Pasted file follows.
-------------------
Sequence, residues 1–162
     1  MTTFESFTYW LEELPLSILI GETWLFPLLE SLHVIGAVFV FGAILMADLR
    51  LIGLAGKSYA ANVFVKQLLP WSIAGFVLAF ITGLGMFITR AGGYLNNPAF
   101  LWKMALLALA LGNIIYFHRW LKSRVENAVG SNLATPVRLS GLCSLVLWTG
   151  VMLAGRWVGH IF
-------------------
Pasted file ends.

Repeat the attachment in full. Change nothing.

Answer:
Sequence, residues 1–162
     1  MTTFESFTYW LEELPLSILI GETWLFPLLE SLHVIGAVFV FGAILMADLR
    51  LIGLAGKSYA ANVFVKQLLP WSIAGFVLAF ITGLGMFITR AGGYLNNPAF
   101  LWKMALLALA LGNIIYFHRW LKSRVENAVG SNLATPVRLS GLCSLVLWTG
   151  VMLAGRWVGH IF